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A Tale of Two Cities

Chapter XV The Footsteps Die Out For Ever
Book the First--Recalled to Life
I
The Period
It was the best of times, it was the worst of times,
it was the age of wisdom, it was the age of foolishness,
it was the epoch of belief, it was the epoch of incredulity,
it was the season of Light, it was the season of Darkness,
it was the spring of hope, it was the winter of despair,
we had everything before us, we had nothing before us,
we were all going direct to Heaven, we were all going direct
the other way--in short, the period was so far like the present
period, that some of its noisiest authorities insisted on its
being received, for good or for evil, in the superlative degree
of comparison only.
There were a king with a large jaw and a queen with a plain face,
on the throne of England; there were a king with a large jaw and
a queen with a fair face, on the throne of France. In both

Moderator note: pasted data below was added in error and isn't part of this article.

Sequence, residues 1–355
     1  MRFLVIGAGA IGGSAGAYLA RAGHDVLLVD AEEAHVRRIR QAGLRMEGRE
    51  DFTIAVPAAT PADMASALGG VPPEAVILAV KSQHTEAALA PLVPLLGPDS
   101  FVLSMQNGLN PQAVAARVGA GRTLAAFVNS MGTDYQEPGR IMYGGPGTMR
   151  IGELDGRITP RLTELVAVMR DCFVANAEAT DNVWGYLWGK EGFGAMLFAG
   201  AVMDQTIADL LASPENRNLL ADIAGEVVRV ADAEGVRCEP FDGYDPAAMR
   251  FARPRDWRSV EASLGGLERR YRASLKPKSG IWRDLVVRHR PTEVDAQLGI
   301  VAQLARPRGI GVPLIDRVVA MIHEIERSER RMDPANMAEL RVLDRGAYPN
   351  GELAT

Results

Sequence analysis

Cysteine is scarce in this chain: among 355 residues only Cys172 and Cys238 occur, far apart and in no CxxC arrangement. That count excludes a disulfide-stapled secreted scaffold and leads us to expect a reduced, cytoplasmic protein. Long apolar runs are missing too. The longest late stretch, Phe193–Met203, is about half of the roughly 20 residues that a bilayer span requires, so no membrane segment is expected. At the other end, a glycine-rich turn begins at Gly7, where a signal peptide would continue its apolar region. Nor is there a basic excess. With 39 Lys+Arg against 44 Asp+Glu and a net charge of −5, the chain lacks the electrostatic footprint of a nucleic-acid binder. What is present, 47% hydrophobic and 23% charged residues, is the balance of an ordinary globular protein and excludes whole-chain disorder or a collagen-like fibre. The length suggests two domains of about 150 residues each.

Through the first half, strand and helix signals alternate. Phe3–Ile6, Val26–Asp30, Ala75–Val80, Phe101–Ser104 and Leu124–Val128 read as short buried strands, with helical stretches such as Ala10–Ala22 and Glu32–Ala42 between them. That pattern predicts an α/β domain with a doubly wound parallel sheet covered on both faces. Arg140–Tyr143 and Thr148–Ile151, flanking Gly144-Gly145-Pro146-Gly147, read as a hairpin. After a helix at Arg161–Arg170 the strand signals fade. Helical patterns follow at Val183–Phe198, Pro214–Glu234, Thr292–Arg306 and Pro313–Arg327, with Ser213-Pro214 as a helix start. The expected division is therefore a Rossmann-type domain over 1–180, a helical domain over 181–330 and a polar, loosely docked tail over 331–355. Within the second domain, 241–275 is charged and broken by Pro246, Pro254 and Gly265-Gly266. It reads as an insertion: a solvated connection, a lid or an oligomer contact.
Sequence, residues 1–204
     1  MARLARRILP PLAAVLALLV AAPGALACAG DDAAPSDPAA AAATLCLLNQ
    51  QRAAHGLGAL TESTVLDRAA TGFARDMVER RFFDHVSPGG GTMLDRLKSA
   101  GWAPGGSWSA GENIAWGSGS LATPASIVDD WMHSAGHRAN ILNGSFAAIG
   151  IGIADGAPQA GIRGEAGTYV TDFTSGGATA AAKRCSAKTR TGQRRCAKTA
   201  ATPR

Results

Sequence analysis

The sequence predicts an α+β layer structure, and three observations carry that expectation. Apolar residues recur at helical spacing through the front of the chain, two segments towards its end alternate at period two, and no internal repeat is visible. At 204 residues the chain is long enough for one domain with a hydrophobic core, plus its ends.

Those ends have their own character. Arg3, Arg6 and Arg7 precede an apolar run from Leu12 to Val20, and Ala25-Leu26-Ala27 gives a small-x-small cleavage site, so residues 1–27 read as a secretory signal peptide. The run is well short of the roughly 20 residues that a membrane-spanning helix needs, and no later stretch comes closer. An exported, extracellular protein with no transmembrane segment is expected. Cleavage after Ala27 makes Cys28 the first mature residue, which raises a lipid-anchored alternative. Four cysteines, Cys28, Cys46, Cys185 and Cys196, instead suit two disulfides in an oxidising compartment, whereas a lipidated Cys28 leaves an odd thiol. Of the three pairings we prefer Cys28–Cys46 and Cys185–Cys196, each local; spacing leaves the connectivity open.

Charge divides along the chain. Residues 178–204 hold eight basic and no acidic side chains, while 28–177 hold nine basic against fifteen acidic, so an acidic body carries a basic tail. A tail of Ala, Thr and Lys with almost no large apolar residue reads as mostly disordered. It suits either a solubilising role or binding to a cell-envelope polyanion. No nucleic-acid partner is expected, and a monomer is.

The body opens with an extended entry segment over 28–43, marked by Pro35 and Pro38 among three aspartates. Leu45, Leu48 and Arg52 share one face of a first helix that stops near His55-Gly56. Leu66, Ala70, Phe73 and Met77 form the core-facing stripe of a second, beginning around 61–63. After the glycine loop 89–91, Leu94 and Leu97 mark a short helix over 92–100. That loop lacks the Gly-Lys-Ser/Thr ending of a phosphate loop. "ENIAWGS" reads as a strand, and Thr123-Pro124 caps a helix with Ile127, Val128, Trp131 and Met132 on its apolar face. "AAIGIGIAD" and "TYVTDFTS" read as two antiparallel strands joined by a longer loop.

countries it was clearer than crystal to the lords of the State
preserves of loaves and fishes, that things in general were
settled for ever.
It was the year of Our Lord one thousand seven hundred and
seventy-five. Spiritual revelations were conceded to England at
that favoured period, as at this. Mrs. Southcott had recently
attained her five-and-twentieth blessed birthday, of whom a
prophetic private in the Life Guards had heralded the sublime
appearance by announcing that arrangements were made for the
swallowing up of London and Westminster. Even the Cock-lane
ghost had been laid only a round dozen of years, after rapping
out its messages, as the spirits of this very year last past
(supernaturally deficient in originality) rapped out theirs.
Mere messages in the earthly order of events had lately come to
the English Crown and People, from a congress of British subjects
in America: which, strange to relate, have proved more important
to the human race than any communications yet received through
any of the chickens of the Cock-lane brood.
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